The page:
Oman Adventures: Wadi Shab, Al Hamra, and Misfat al Abriyeen

“Beauty has a destination” is the the new tourism slogan in Oman and it really is appropriate.  I’ve met well-off Omanis who have not traveled further than the Gulf and don’t have any desire to.  They are so satisfied with the simple, yet varied beauty of their homeland that they don’t see a need to veer any further.  Coupled with Oman’s political and social stability, even the expats are hesitant to leave her shores.

While living in Yemen and Algeria, we were so focused on study and work respectively, that we had few opportunities to explore both countries.  We vowed that whenever we’re settled in a place, we will be brave and venture out.  Since coming to Oman, we’ve had overnight trips in Salalah, Dimi wa at-Taiyyin, and Suwayq but there’s still so much more to see, so we vowed this year get a move on it!

First Stop:  Wadi Shab

Firstly, a wadi is a valley.  Sounds simple but what really makes the wadi experience is what takes place in the wadi.  Some are dry, with hardly any water, just dry desert stones, rocks, and empty space.  Some are filled with waterfalls, lush greenery, and date palms.  The experience also varies depending on the time of year and incidence of rainfall.

Wadi Shab is considered the most beautiful wadi in Oman.  It’s located in a fishing town, Sur.  We were hesitant to make such a long journey for a day trip but it was an opportunity not to be missed!  After the vast and imposing entrance to Wadi Shab, you can continue to discover oases, diving points, cliffs, waterfalls and caves.

The highlight of Wadi Shab is swimming through three ponds of water, squeezing between a narrow crevice, and reaching the innermost cave to behold a waterfall inside the cave!  Definitely a “subhaan’Allah (Glory be to God) moment”!  The journey was challenging but breathtaking.

General Note:  Wear water shoes, stay hydrated, and use sunscreen.  Even though we walked into the wadi, we had to take a boat to exit because of the rising tide.  Be prepared to pay the kind men who will deliver you safely to the shores of the parking lot.  🙂

Note for non-swimmers:  Travel with people who really know how to swim, learn how to float on your back, and/or wear a lifevest.  I floated my way through the ponds with an occasional tug from a concerned swimming companion.  🙂

Note for those traveling with babies/toddlers:  Definitely requires at least two able adults to do some occasional baby carrying and passing.  Some of the precupices were too steep to manage without passing a young child to another.  Also, be mindful of the time of day and intensity of heat.

Next Stop:  Al Hamra

The following weekend, we were invited to visit a student in Al Hamra, just outside of Nizwa.  While our host’s home was comfy and cozy, with all modern amenities, he took us to the old village of Al Hamra where traditional homes fashioned from clay still stand.  The old village is now largely abandoned due to the inability to install any electricity, water, and sewage infrastructure.  However, our host, a middle-aged man, was born in this village and can remember counting the cars in their town as a young boy.  His vivid memories were made alive through a tour of his birthhome.  He was literally born in his birthhome and showed us that the cattle and goats were stored in a room just across the hall.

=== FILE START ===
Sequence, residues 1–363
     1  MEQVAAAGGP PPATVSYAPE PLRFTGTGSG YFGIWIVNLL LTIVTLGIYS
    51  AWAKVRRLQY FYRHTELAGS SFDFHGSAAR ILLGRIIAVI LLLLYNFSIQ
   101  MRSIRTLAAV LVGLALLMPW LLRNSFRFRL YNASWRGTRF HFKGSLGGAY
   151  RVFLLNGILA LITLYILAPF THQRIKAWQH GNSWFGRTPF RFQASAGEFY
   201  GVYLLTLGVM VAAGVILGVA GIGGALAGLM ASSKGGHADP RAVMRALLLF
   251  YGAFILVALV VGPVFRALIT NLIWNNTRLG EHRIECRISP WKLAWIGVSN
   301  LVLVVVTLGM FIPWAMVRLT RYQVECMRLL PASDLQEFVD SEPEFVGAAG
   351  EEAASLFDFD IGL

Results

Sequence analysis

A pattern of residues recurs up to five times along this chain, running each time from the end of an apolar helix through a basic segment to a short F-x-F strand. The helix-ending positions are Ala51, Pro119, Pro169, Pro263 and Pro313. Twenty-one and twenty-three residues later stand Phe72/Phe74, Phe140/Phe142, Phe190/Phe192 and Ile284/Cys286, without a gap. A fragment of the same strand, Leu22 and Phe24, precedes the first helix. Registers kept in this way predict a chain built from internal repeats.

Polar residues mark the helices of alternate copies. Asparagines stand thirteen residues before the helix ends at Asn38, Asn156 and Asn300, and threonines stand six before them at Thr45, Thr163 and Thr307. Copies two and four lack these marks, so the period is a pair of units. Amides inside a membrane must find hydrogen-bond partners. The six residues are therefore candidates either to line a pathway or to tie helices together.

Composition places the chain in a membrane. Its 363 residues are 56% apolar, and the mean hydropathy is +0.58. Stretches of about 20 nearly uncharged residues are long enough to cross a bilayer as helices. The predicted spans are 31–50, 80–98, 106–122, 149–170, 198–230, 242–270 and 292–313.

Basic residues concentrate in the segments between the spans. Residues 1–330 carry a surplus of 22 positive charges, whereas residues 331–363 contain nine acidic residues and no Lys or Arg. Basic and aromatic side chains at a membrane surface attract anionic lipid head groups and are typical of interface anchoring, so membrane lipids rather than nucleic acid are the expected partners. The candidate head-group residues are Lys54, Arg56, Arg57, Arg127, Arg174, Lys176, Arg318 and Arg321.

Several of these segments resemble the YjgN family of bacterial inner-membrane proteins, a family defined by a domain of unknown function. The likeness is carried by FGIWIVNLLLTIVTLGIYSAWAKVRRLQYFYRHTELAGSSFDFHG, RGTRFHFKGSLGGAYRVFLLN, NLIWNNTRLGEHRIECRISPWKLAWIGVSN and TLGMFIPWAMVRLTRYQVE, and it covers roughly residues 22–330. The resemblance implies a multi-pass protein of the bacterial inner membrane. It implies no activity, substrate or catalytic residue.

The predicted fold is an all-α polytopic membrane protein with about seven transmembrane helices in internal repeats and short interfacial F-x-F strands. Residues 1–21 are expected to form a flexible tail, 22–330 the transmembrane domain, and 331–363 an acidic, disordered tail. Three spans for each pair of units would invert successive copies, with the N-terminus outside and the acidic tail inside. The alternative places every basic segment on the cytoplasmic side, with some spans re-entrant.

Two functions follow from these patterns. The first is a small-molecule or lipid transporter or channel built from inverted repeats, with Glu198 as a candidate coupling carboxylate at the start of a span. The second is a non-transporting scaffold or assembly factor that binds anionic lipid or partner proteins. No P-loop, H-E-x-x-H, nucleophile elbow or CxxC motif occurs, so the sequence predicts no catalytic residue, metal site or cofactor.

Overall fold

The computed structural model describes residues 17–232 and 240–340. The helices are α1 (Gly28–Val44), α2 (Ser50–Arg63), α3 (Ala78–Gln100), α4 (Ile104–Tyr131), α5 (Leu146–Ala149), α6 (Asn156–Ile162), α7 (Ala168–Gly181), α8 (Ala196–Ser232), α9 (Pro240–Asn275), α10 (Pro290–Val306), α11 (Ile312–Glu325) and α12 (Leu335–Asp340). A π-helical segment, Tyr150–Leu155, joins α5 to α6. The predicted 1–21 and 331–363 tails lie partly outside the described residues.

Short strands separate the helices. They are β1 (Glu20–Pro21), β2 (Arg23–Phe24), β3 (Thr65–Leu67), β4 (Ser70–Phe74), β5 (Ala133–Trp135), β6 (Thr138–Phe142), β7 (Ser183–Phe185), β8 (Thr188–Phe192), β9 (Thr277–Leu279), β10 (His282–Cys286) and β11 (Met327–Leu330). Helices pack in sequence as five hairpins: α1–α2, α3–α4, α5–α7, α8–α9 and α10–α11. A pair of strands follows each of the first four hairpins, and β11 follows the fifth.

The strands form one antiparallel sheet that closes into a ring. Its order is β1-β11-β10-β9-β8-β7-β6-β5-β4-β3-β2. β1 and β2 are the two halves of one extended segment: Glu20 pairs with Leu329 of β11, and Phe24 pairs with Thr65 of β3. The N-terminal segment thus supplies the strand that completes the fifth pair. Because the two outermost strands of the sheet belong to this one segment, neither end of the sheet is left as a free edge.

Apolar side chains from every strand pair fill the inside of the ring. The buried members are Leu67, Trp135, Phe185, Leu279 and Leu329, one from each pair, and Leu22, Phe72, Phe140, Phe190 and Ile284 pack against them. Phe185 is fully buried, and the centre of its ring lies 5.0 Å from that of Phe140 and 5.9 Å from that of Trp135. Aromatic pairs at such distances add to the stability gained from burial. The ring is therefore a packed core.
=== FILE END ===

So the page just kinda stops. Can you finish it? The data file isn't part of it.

A view from the roof shows one lone resident drying laundry on the roof.

To get a glimpse of the humble life that once inhabited this community, we visited Bait al Safah.  A tiny “museum” of sorts housed artifacts of the traditional, village life.

The lovely woman pictured above is roasting coffee beans.  She also showed us a stone mill and how to make traditional sandalwood paste (which she smeared on Lil’ Z and myself) and other body products made from local plants and seeds.

This is how traditional Omani bread is made.  It’s a light, flaky bread that can be immediately folded but crumbles in your hands once it dries.  Lil’ Z is a big fan and happily munched it all the way home, asking for “hubaz!   (Baby tr:  khubz!  English tr:  bread!).  My elder neighbor recently told me that Omanis used to make huge stacks of this bread and carry it for their journey to Hajj because it can be eaten for nearly a month!  Containing no dairy, it remains dry, like a super-thin cracker and can be stored a lengthy time.

Last Stop:  Misfat al Abriyeen

Walking through the winding roads of this village led us to a beautiful falaaj (water course) and through fruit plantations.

The plantations are completely hand-harvested with the assistance of an occasional donkey.  No tractor can make its way through the narrowing and steep passages of this village.

The gushing falaaj courses through channels through the plantation but that doesn’t keep youths from sneaking a cool swim on a hot day!  😉  We are blessed to be in such a beautiful country and hoping to soak it up for as long as we’re here.


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